Taiwan CPI up 0.76% in January
CNATAIPEI, Taiwan -- Taiwan's consumer price index (CPI) for January rose 0.76 percent from a year earlier, largely on rising costs of food and certain services, according to government statistics released yesterday.
February 7, 2014, 12:01 am TWN
Last month, the CPI growth reflected higher demand for fish and meat products ahead of and during the Lunar New Year holiday, the Directorate General of Budget, Accounting and Statistics (DGBAS) cited the statistics as showing.
The DGBAS said select services, such as babysitting, tourism expenses, taxi fares and hairdressing costs were more expensive in the holiday season.
The six-day Lunar New Year holiday started Jan. 30 and ended Feb. 4.
On a month-on-month basis, the local CPI rose 0.24 percent in January, with a figure of 0.10 percent after seasonal adjustments.
In January, food prices were up 1.02 percent from a year earlier, with fish and meat prices up 9.12 percent and 5.95 percent, respectively, in reflection of strong seasonal demand, while fruit prices gained 11.12 percent year-on-year due to reduced supplies, the DGBAS said.
Tsai Yu-tai, deputy director of the DGBAS' department of statistics, said that after a series of typhoons last summer, the pace of restoration of fruit production remained slow.
Tsai said that since July of last year, fruit prices have risen significantly, adding that average wholesale prices in January rose 30 percent from a year earlier to NT$47.8 (US$1.58) per kilogram. The higher fruit prices boosted January's CPI by 0.27 percentage points.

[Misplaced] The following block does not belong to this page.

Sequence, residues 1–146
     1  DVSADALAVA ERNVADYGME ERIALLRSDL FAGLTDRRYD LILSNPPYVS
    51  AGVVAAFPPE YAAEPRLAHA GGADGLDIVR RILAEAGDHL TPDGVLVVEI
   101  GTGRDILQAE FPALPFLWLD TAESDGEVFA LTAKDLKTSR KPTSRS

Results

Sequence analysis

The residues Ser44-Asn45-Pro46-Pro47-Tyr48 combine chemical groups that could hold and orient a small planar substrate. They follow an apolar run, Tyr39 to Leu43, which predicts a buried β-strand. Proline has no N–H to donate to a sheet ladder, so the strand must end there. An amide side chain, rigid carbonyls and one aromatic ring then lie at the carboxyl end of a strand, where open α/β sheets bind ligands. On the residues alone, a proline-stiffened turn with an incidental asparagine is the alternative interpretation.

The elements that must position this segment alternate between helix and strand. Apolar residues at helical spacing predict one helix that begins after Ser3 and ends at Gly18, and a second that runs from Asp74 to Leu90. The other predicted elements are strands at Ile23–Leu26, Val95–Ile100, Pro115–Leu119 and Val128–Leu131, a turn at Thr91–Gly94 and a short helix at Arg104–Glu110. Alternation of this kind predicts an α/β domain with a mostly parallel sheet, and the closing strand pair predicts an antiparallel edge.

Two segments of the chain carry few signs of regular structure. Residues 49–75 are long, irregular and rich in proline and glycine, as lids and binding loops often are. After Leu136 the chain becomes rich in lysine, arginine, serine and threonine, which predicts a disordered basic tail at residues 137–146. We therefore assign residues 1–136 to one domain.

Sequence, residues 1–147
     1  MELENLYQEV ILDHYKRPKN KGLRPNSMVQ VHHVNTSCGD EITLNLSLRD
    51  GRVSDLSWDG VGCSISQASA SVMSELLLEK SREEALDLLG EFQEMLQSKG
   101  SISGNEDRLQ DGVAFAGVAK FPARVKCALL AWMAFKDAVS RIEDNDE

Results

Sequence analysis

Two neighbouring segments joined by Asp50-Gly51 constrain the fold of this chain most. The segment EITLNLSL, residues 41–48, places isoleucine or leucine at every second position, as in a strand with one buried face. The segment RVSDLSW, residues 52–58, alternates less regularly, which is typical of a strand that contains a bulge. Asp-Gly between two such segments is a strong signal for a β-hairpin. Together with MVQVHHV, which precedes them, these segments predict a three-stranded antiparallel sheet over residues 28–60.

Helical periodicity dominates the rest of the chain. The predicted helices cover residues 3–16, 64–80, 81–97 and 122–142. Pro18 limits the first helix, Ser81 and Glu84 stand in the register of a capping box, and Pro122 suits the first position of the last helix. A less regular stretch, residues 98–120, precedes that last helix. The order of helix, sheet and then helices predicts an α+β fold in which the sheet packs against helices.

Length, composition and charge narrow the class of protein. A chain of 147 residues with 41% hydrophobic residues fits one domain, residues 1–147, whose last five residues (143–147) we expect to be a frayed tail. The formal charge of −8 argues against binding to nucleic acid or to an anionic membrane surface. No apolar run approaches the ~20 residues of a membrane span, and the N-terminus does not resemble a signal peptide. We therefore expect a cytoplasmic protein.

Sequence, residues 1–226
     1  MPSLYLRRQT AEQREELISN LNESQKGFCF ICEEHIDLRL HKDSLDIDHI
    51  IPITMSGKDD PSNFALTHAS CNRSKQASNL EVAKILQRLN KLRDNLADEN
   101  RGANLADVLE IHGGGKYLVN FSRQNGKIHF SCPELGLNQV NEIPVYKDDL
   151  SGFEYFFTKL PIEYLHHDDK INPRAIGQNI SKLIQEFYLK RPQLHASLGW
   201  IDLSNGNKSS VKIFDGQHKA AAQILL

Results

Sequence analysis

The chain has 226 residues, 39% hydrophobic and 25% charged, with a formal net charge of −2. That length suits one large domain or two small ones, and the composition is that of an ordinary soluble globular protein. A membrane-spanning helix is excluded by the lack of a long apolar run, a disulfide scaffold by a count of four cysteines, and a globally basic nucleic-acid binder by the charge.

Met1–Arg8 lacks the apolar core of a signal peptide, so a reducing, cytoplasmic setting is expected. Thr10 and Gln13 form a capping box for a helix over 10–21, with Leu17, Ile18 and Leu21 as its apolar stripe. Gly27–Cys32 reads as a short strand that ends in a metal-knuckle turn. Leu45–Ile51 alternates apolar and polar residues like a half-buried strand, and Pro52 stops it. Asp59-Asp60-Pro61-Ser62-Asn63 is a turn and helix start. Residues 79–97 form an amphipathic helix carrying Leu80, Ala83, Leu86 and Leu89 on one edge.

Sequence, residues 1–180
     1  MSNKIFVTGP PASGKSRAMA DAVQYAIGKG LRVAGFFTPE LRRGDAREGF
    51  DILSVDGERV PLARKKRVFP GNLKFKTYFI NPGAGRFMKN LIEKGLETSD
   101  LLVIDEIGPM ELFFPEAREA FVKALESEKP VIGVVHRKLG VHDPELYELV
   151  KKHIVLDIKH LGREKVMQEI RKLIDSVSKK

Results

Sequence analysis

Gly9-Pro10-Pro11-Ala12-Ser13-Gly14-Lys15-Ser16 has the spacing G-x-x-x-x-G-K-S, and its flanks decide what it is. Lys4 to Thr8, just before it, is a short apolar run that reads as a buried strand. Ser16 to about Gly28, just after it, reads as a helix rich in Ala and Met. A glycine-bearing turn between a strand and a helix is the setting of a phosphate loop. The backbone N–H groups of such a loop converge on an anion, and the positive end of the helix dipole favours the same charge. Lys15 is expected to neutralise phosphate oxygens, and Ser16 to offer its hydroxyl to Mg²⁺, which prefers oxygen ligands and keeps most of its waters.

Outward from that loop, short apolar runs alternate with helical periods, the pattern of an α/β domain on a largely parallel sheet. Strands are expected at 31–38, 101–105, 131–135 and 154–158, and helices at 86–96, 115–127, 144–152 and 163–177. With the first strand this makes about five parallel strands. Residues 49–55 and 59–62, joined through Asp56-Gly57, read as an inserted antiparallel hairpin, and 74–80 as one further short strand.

The statistics show that vegetable prices for January fell 19.34 percent from a year earlier as a result of ample supplies, a decline that dropped the CPI growth by 0.46 percentage points.
Dining-out expenses in the month rose 1.45 percent from a year earlier after restaurant operators raised prices, citing rising production costs, the statistics indicate.
The DGBAS said service costs in January rose 1.36 percent from a year earlier largely because babysitting charges jumped 42.17 percent as parents tended to give their sitters gifts of money for the Lunar New Year holiday.
In January, the core CPI, which excludes vegetables, fruit and energy items, rose 0.95 percent from a year earlier, while the wholesale price index gained 0.42 percent year-on-year due to higher electricity rates and increasing prices of electronic components, the DGBAS said.